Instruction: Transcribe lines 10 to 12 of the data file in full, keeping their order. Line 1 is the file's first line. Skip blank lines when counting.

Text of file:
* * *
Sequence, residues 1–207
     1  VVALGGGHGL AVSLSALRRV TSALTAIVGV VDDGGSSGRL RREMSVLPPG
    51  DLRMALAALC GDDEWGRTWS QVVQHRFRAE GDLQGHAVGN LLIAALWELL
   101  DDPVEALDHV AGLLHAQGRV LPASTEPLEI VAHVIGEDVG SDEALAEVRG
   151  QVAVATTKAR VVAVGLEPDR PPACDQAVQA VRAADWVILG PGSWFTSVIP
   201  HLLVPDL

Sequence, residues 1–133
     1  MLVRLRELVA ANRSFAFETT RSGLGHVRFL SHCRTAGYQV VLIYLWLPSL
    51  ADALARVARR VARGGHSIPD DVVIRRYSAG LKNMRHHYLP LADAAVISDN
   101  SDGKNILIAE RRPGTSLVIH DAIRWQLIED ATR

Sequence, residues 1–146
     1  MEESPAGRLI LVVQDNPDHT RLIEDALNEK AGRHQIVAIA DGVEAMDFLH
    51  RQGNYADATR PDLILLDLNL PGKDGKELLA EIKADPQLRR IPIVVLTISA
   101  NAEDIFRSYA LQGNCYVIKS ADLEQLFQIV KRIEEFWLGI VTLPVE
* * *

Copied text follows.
   101  SDGKNILIAE RRPGTSLVIH DAIRWQLIED ATR

Sequence, residues 1–146
     1  MEESPAGRLI LVVQDNPDHT RLIEDALNEK AGRHQIVAIA DGVEAMDFLH